We blogged about the results direct mail can achieve in reaching customers and driving sales, with proof in stats such as one-third more website visits, 20% increase in online sales, a 30% better response rate than email. And for technology sales to hungry users – think millennials – they prefer to be courted via direct mail.
Is the same true for technology decision makers in businesses?
According to eMarketer, business-to-business decision makers create a trusted network of influencers when thinking about what to buy for their company. Word-of-mouth is a key driver, where industry friends and other third-party experts are put ahead of traditional or digital marketing resources.
Specific to technology purchases, a 2013 study cited by B2B Marketing captured what goes on during the purchase process. The study was done because data specific to technology decision makers was scarce during a particularly competitive time in the market.
During the research phase, the study found that decision makers were:
- Very likely to use: peers and colleagues, search engines and consultants (immediate sources)
- Likely to use: trade shows, trade media, networking events and industry analysts (classic sources)
- Not likely to use: national media and industry forums (broad and shallow sources)
- Very unlikely to use: LinkedIn, YouTube, Facebook, Twitter (social sources)
So across all industries, before ever making contact with a potential supplier, decision makers continue to research them independently, identifying experts and gathering content from them to build their trusted network. Content they look for includes white papers, case studies and user reviews, followed by third party endorsements (trade media, analyst reports and national press) due to their influence as indirect recommendations. And finally, thought leadership (both trade media coverage and webinars) closely followed as it provides reassurance of innovation. And, although social sites including YouTube were not likely to be used, the final trusted categories were blogs and videos.
5 tips for getting on the short list
It’s still about the right medium, and the right message. Direct mail can be an important part of the marketing mix during a sales cycle. For technology decision makers:
- Do use direct mail for: Providing credible, thoughtful content to decision makers
- Do not use direct mail for: Influencing a purchase decision directly
And follow the following five tips for making the cut as a technology supplier.
1. Know your decision makers
Are you reaching the right people? Do you know their goals and concerns, as well as the IT needs of the organization they represent? Learn about the differences in purchasing processes according to the value of the IT being investigated, the type of IT (hardware, software, services etc.), and even the department the technology is being bought for.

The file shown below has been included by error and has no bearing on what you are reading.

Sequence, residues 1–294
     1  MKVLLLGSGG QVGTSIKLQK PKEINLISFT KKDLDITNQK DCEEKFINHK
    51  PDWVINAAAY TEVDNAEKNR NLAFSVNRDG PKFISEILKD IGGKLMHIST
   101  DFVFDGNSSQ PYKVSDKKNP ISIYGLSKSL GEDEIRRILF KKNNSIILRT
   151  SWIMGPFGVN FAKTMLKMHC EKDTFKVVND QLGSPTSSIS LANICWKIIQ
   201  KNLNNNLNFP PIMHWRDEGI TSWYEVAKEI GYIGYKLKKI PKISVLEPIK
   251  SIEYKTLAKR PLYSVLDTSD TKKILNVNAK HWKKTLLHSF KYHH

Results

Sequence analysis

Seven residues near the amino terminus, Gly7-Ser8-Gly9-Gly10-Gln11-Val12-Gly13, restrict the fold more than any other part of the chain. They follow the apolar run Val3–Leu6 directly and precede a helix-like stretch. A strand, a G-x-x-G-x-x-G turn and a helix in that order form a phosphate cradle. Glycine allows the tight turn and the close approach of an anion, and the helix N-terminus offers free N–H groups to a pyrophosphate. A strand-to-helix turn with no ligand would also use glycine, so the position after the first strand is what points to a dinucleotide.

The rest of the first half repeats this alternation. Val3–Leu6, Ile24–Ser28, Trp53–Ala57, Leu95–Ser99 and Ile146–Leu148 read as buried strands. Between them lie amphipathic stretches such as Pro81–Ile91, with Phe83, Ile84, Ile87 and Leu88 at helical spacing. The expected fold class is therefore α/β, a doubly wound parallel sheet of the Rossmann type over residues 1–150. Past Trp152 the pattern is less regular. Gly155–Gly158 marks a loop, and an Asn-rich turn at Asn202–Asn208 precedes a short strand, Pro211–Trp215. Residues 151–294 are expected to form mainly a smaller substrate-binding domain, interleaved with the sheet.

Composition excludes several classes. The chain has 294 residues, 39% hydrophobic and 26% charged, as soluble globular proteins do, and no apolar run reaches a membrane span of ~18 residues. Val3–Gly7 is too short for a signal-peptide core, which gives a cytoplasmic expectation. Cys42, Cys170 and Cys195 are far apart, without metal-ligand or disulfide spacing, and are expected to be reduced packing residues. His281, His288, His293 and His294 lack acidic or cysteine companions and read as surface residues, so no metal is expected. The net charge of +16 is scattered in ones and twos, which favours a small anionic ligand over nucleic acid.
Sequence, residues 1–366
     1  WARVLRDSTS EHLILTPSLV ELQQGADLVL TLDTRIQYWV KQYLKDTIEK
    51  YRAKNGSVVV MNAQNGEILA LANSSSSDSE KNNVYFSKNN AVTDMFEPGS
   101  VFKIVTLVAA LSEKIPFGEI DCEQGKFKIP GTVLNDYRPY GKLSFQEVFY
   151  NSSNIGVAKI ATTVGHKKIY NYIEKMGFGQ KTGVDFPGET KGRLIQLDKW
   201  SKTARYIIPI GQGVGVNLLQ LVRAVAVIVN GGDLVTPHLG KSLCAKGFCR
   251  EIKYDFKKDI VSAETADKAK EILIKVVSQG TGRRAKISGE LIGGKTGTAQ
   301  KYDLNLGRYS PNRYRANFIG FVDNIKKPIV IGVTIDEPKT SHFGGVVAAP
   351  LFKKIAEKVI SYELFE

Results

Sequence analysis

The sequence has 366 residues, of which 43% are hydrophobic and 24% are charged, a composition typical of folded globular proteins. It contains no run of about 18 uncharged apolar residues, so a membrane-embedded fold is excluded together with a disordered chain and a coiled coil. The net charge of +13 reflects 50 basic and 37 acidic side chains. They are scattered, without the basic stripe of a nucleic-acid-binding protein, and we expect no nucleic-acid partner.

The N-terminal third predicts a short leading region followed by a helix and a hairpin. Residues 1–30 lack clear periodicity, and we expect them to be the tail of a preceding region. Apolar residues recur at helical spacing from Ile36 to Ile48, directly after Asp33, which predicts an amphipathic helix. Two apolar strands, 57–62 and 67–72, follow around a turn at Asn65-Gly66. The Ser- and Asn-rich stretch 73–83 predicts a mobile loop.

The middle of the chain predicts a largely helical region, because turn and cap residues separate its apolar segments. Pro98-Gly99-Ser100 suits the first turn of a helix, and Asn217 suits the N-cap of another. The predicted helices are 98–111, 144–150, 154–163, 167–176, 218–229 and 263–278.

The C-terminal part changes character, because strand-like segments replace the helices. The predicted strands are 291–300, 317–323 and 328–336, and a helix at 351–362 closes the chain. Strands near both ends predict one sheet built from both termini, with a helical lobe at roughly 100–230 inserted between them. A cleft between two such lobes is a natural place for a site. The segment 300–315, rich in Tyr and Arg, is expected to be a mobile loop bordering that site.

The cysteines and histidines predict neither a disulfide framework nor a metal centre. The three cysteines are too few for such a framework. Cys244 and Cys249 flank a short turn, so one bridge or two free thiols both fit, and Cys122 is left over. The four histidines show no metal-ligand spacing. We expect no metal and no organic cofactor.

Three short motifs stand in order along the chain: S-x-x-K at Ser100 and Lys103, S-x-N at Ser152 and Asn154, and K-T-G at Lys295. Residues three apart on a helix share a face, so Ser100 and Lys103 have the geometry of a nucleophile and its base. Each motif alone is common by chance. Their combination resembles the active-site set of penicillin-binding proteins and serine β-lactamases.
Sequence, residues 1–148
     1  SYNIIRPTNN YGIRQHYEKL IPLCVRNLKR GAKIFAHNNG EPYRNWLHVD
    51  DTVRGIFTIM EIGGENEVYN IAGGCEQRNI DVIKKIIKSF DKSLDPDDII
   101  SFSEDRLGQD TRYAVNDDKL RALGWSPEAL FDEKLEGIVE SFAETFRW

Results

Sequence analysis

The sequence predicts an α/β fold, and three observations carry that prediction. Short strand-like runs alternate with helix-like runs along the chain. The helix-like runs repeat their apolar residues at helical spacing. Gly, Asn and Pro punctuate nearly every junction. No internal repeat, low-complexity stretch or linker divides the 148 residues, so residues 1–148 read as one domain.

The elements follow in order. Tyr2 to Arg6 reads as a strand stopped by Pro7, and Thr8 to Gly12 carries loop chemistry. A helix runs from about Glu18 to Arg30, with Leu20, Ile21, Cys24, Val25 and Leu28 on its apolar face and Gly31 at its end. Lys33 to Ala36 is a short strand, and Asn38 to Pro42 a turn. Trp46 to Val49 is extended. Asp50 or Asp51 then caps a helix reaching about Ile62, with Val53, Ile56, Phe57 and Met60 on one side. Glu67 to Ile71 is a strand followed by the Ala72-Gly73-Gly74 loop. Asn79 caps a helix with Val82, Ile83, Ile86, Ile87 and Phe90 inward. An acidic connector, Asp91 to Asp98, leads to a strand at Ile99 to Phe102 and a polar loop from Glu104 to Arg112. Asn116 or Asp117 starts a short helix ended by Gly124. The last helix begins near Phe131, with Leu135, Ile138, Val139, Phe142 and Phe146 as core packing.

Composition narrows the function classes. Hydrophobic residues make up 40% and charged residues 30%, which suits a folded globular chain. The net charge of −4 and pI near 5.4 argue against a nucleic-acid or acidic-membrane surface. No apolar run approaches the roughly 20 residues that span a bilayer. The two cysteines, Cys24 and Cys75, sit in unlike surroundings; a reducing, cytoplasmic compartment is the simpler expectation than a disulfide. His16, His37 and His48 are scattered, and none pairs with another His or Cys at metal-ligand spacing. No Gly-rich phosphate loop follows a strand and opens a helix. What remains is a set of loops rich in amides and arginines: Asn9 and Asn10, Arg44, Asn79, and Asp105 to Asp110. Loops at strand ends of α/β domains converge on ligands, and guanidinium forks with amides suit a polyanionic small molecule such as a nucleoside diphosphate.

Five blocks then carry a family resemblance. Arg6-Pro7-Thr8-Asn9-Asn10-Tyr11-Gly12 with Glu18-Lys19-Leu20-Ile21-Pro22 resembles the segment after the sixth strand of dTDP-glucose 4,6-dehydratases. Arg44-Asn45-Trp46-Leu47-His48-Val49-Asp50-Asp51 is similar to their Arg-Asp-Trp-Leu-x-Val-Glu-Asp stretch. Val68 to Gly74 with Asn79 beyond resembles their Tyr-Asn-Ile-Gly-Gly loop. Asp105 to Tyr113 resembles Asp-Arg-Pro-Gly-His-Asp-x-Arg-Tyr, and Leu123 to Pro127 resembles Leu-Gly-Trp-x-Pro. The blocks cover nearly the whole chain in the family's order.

Be sure to develop or recheck your audience personas to vastly improve your targeting. Find our guidance for developing spot-on personas here. Or, makeover your marketing list with a survey to help you deliver what audiences need most.
2. Create plenty of content
B2B marketers targeting IT decision makers must create plenty of content, in various forms, and must simultaneously address the different needs of the various sales stages. This is not new, but what the study showed was that the medium is equally important.
White papers and case studies are opportunities to share thought leadership and market views. Videos are ideal for explaining complex topics to tech-starved tech purchasers. Anything that shows your expertise is fair game, to prove your credibility and ability to deliver when they’re ready to buy.
3. Become the expert
Why not use digital or direct marketing tactics to show your expertise and earn the trust of IT decision makers? And get decision makers and prospects to come to you? Your content marketing can encompass it all. Learn more here.
“…industry friends and other third-party experts are put ahead of traditional or digital marketing resources."
4. Blog about it
Nurture relationships with IT decision makers by posting on your blog often, encouraging them to become followers who want more. Offer more great content from your library of white papers and case studies while you collect information from new prospects, which will further enhance your targeting efforts. Keep your blog cranking, and drive traffic to it, with these ten tips.
5. Keep direct mail in the mix
Direct mail is highly targeted. Affordable. Successful. It can deliver content directly, drive traffic to a specific blog relevant to your target, encourage new subscribers to your blog, and more. Mix up your media to keep top of mind with decision makers, so you’re on the short list when they are purchase ready.